prospect is that infringement procedure No. 2013/4075 will end soon. If the EC
follows a recommendation made by its departments, it will use its discretionary
powers in the proceedings against Germany and it will not refer the matter to
the ECJ (European Court of Justice). The subject matter of the dispute is the
uniform pharmacy selling prices for prescription medicines, which also apply in
Germany to foreign mail-order pharmacies.
The new pharmacy law keeps to uniform prices
the ECJ had already ruled in their decision of October 19, 2016 (C-148/15) that
tying foreign mail-order pharmacies to uniform selling prices in Germany
violates European law, German politicians were looking for a way to protect
their local pharmacies. The solution they found was to move the uniform price
specification out of the Pharmaceuticals Act and into Social Insurance Code
book V. This is what happened with the act for supporting local pharmacies.
This manoeuvre also caused problems for the Federal Ministry of Justice which
is why the draft law that came into force on 15th December last year, was
submitted to Brussels for study (see News
has responded. A letter sent on 8th July this year by the Directorate General
for the Internal Market, Industry, Entrepreneurship and SMEs to the online
pharmacies involved, notified them that it intends to discontinue the
proceedings against Germany. The
presentation of its legal opinion and request to the Federal Republic of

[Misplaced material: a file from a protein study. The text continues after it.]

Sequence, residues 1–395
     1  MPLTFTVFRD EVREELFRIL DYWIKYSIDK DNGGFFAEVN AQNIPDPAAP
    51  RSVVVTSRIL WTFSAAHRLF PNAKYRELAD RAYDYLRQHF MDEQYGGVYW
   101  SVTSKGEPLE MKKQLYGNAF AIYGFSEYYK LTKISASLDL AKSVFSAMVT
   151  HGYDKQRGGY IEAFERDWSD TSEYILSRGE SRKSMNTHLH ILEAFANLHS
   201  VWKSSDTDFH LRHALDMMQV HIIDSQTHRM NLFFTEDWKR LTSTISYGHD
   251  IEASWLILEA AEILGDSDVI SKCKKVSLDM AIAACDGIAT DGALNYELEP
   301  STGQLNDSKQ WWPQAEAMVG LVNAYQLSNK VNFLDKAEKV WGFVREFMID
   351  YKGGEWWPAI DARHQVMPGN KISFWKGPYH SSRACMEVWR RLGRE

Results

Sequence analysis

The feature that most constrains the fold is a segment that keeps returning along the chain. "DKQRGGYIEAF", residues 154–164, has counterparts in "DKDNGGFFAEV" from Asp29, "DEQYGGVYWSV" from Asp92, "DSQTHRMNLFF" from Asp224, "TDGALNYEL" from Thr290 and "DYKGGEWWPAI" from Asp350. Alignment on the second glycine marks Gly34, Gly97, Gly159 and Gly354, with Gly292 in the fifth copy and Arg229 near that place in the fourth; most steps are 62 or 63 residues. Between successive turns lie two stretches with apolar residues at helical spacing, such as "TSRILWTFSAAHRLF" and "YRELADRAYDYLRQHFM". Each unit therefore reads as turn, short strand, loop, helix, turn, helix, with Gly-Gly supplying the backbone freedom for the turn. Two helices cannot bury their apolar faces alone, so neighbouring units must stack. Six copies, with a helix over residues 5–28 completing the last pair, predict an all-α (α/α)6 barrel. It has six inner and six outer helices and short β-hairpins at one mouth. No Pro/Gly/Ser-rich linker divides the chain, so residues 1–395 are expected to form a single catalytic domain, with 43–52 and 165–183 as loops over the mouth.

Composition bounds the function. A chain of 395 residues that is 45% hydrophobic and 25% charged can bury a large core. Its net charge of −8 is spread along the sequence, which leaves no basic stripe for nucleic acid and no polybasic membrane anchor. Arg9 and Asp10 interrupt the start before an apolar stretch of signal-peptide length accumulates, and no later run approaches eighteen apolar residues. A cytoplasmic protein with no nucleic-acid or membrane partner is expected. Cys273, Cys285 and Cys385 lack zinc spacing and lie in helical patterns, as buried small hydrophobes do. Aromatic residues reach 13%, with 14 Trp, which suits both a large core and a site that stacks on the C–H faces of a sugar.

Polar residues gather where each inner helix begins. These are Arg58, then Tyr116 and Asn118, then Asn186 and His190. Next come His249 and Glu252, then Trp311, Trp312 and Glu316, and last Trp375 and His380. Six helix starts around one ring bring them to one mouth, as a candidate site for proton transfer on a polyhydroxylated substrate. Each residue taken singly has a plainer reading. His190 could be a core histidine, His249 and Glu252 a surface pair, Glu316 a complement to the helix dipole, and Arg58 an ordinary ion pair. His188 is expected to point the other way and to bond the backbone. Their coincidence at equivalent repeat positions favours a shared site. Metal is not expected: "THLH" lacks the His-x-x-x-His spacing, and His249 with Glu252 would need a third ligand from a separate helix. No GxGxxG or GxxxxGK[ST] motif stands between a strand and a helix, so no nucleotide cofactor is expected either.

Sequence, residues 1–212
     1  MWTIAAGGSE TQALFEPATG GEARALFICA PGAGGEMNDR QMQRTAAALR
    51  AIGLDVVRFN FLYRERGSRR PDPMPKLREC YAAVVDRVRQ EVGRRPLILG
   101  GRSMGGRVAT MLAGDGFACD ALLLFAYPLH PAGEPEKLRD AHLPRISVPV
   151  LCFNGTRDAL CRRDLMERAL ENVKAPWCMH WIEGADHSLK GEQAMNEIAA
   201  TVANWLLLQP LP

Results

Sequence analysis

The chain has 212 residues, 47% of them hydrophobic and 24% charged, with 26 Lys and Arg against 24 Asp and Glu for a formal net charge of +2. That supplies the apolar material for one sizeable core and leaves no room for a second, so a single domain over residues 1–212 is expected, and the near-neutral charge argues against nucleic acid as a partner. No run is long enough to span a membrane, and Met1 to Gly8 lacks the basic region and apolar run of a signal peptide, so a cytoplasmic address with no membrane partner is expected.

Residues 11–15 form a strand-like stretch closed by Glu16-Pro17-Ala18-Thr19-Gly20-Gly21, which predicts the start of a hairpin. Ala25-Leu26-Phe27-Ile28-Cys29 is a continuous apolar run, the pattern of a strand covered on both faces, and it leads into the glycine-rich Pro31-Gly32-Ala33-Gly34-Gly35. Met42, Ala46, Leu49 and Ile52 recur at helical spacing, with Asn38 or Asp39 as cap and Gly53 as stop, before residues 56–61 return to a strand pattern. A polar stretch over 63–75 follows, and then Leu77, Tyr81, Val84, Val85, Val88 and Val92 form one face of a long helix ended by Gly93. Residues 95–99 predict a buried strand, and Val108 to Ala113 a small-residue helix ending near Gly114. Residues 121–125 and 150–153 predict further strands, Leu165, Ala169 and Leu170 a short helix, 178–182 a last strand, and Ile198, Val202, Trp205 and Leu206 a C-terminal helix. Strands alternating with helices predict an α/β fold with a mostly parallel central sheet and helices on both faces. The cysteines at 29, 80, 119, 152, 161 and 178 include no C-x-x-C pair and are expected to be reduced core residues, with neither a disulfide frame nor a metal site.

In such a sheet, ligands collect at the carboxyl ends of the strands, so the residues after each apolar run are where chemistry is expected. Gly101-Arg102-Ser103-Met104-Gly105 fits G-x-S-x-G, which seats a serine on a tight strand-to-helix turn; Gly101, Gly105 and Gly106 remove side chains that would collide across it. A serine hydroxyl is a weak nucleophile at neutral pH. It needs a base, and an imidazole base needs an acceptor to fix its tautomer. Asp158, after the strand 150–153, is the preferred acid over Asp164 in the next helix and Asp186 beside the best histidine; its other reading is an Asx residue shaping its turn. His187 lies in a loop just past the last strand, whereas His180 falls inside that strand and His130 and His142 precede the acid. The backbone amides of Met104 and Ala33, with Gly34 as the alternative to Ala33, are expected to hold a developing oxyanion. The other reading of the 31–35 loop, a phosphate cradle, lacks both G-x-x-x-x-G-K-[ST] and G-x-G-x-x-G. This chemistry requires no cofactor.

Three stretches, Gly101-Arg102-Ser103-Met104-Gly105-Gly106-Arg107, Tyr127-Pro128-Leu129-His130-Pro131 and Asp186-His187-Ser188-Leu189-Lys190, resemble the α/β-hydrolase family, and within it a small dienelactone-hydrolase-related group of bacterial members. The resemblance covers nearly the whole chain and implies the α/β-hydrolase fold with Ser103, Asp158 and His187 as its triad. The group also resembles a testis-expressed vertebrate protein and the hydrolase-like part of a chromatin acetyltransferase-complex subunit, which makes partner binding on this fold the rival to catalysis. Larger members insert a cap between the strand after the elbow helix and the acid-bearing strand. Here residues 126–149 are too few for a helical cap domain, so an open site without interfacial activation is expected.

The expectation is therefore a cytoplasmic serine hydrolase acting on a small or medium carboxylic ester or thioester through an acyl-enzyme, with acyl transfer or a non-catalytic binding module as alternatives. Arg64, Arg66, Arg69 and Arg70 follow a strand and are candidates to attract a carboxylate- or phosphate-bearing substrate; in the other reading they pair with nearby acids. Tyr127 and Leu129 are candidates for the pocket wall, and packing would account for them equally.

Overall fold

Germany on 7th March 2019 for Germany to comment on the matter is not going to
be followed by any further steps at this moment. This was preceded by numerous
visits to the EC made by the top people from the Federal Ministry of Health
between August 2019 and August 2020. On 11th September 2020, 14 months
after the cabinet decision, the German parliament was able to deal with the
draft in its first reading.
Germany's reasoning is not convincing ...
reasoning by the EC's departments is insightful. Their position is that the ban
on bonuses for prescription-only finished medicinal products is to be regarded
in the same way as a quantitative import restriction and that this is therefore
contrary to EU law is upheld. The
references made by the German legislator to the financial equilibrium and
protection of the statutory health insurance system are not being complied
... but there are "opportunistic reasons"
they are surprisingly jumping to the federal government's side with their new reasoning: Germany
is deeply involved in creating an e-prescription infrastructure by 2022. The
coronavirus pandemic has shown how important this is. A dispute over the
national pricing policy would not be conducive to this important switchover
process. A stable legal framework is needed right now. What will happen when
the digitisation process in Germany has progressed remains to be seen.
EC has a margin of discretion as to whether and when it should initiate
infringement proceedings or refer a case to the ECJ. A discretion that it can
use strategically. In the present case, it is proposed that the Commissioners
close the case for "opportunistic reasons". Unless the complaining
online pharmacies come up with additional reasons or information.
That isn’t the end of it
for now: If the EC follows the recommendation made by the DG GROW,
then the all-clear can be given for German pharmacies. But will it last? The
EC’s departments intend to continue monitoring the pharmacy market situation in
Germany. Naturally, the appraisal made by national courts remains unaffected.
The Dutch mail order pharmacies, which are the ones that are mainly affected,
could well consider going there. The recommendation made by the EC's
departments is a huge setback for them. Nor does it take up the cudgels for an
economical and up-to-date supply of medicines.